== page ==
Smart doorbells — a gadget equipped with livestream and build-in speakers that allows you to answer your door when you're not physically around — started as an innocent way to check in on your front porch when your Amazon package was being dropped off while you were at the office.
But there's trouble brewing in suburbia.
Amazon-owned smart doorbell company Ring just released an app called Neighbors that gives you the tools well beyond what is needed to check that your delivery made it to your porch. The standalone app allows you to get in touch directly with law enforcement — a local police force, or private security company — and notify them of anything fishy going on in your neighborhood, as Motherboard reports.
What's even more questionable is the fact that the Neighbors app doesn't even require any Ring hardware. You snap a picture of that guy who picks bottles out of your neighbor's recycling. You then upload it to a mapped out virtual network of your neighborhood. It's all in the name of safety. Right?
Neighbors isn't the only app that does this. There's Nextdoor as well — an app that enables you to "organize a Neighborhood Watch Group," or quickly spread the news of a recent break-in. It's all in good fun, of course: you can report your neighbor's missing cat or "finally call that nice man down the street by his first name," according to their website.
But it's pretty clearly a bad idea. We've seen it time and time again: handing over your personal data to profit-driven mega-corporations can have some pretty negative consequences. Doing so can result in companies tracking where you are at all times, live-streaming your children's most private moments, and even altering the course of presidential elections.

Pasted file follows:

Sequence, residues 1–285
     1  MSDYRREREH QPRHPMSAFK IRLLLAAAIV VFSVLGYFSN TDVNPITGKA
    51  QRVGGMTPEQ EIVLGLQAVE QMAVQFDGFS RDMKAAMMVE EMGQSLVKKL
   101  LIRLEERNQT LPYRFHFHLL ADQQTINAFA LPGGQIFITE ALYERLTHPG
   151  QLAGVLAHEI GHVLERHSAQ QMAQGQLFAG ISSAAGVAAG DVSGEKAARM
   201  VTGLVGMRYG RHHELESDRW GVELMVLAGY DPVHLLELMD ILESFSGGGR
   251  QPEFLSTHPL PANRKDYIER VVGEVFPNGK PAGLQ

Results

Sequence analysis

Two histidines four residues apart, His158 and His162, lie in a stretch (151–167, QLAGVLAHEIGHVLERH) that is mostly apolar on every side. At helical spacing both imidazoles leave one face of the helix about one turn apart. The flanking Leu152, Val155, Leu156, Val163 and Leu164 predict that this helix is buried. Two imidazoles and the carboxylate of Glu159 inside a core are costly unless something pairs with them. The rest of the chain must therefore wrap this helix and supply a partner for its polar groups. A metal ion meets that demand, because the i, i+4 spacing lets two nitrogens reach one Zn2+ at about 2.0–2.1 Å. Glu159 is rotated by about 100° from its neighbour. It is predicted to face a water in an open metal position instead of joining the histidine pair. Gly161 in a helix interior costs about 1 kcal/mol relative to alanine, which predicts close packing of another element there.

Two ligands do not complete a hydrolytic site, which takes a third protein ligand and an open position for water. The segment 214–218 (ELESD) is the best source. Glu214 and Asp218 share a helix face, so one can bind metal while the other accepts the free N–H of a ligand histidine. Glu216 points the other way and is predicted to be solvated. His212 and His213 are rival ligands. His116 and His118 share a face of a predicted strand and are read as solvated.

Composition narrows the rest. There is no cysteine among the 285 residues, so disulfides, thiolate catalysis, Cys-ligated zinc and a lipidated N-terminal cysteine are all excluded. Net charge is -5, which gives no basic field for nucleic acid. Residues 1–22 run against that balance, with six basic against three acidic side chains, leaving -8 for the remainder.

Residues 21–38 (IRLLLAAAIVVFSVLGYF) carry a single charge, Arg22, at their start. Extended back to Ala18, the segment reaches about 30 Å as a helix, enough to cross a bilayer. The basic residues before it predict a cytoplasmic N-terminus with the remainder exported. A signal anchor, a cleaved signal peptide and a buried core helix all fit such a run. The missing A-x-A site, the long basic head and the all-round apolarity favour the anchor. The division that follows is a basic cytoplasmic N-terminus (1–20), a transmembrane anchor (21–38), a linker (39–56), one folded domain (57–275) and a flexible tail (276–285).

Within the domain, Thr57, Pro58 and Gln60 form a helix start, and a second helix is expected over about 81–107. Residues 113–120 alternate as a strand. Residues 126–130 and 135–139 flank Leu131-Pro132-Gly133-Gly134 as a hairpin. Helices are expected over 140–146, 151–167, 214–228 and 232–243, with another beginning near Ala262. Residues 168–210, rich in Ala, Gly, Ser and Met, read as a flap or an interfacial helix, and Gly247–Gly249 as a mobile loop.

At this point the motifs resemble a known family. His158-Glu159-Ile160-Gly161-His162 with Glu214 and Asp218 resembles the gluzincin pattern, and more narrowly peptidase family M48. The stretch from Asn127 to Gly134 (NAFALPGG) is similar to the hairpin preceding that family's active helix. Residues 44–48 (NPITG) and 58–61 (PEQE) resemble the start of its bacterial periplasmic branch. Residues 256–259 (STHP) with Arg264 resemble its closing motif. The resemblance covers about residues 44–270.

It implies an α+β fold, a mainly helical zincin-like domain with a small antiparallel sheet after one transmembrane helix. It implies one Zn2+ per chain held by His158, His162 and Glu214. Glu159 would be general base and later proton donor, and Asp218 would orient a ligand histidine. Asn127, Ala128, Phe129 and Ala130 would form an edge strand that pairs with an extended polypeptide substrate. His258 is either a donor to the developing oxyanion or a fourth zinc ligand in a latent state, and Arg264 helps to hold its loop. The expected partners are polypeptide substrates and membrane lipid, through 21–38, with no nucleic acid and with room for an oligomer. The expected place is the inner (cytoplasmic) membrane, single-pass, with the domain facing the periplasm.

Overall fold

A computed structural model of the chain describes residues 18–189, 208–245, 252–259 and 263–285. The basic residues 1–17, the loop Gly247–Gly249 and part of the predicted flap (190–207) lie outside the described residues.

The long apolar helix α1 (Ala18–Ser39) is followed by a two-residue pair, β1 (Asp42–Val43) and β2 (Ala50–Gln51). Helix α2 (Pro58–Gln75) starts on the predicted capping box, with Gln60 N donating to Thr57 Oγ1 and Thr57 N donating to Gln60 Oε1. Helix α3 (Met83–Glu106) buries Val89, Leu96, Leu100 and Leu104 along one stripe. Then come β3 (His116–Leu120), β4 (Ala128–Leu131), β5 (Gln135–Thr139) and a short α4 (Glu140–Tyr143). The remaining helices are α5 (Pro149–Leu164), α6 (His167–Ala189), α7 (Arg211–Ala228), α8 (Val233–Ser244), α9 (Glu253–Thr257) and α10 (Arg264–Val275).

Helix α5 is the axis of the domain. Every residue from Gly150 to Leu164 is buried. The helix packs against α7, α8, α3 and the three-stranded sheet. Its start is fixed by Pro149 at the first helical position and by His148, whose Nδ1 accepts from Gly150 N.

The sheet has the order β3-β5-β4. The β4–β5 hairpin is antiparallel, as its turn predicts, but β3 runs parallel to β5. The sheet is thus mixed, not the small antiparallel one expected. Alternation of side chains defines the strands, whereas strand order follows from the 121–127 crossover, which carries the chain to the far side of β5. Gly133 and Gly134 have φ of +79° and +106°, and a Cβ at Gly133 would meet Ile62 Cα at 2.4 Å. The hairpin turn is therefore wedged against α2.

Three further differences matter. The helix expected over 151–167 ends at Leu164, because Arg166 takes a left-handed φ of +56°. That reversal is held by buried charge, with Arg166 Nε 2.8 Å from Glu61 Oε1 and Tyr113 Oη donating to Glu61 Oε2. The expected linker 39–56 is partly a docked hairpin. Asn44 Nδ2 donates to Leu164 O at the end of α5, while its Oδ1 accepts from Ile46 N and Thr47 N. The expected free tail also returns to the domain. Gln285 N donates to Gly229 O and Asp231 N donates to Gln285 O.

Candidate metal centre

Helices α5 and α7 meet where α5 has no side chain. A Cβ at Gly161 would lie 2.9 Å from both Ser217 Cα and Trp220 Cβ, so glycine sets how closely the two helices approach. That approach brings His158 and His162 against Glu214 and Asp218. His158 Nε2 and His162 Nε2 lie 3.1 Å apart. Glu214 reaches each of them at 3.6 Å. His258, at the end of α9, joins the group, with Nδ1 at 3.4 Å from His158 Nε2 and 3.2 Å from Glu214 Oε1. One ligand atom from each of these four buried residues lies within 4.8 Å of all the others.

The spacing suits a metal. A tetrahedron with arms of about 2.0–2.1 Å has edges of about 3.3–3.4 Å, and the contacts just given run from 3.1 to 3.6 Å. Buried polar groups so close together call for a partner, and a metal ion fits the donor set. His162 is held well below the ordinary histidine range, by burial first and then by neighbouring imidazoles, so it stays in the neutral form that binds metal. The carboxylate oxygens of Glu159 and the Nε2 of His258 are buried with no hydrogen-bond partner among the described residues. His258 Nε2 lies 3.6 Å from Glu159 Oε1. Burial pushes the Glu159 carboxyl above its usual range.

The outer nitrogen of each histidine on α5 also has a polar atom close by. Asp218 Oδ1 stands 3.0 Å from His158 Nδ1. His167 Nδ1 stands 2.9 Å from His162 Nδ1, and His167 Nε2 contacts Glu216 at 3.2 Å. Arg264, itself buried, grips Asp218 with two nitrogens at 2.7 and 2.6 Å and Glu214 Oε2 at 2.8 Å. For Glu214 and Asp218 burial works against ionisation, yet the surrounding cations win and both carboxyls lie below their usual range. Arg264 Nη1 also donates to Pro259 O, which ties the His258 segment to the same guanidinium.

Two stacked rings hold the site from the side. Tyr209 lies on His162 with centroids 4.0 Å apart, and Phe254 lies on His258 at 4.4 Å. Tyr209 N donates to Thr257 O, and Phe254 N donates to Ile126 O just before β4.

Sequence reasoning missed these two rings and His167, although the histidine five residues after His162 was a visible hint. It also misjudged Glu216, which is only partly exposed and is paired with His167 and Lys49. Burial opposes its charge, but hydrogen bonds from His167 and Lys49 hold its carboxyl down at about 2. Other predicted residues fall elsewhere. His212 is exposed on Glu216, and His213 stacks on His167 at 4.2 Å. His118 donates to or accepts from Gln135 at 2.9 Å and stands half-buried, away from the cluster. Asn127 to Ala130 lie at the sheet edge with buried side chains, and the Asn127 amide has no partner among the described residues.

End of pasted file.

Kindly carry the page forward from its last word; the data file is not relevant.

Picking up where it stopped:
Getting law enforcement involved makes things much more complicated. It's one thing if you choose to allow
government surveillance Amazon Echoes to listen in on conversations in every room of your house. Making (what are very likely to be) ill-informed calls to the police on who has what kind of intentions on your street is something entirely different.
Escalating normal neighborhood goings-on in to involve law enforcement becomes a whole lot more dangerous when everyone is sitting around with their finger on the panic button. It's pretty much guaranteed to get some innocent people arrested, or worse.
This isn't just paranoia — these scary effects are already happening. As BuzzFeed reported, the Nextdoor app has become a cesspool of racial profiling. Even the app's efforts to curtail racial profiling with a neat, little algorithm back in 2016 couldn't stop the overwhelming torrent of ignorance. Splinter describes users warning the neighborhood of "sketchy" young African-American guys in hoodies and black beanies.
But those pros don't outweigh the cons. In a world in which minorities experience violence at what seems like the slightest excuse, the proliferation of smart doorbells and slap-shod digital neighborhood watch portends a dark future.
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